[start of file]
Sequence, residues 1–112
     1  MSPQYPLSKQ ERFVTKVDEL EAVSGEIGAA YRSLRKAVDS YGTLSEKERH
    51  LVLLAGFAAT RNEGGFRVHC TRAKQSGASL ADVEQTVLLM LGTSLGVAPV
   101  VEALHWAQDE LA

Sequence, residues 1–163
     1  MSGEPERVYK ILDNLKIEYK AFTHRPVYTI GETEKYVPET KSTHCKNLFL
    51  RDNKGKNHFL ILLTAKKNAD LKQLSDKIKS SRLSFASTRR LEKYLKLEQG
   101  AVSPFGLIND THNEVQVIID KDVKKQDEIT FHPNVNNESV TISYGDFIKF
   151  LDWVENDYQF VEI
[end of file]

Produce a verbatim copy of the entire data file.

Sequence, residues 1–112
     1  MSPQYPLSKQ ERFVTKVDEL EAVSGEIGAA YRSLRKAVDS YGTLSEKERH
    51  LVLLAGFAAT RNEGGFRVHC TRAKQSGASL ADVEQTVLLM LGTSLGVAPV
   101  VEALHWAQDE LA

Sequence, residues 1–163
     1  MSGEPERVYK ILDNLKIEYK AFTHRPVYTI GETEKYVPET KSTHCKNLFL
    51  RDNKGKNHFL ILLTAKKNAD LKQLSDKIKS SRLSFASTRR LEKYLKLEQG
   101  AVSPFGLIND THNEVQVIID KDVKKQDEIT FHPNVNNESV TISYGDFIKF
   151  LDWVENDYQF VEI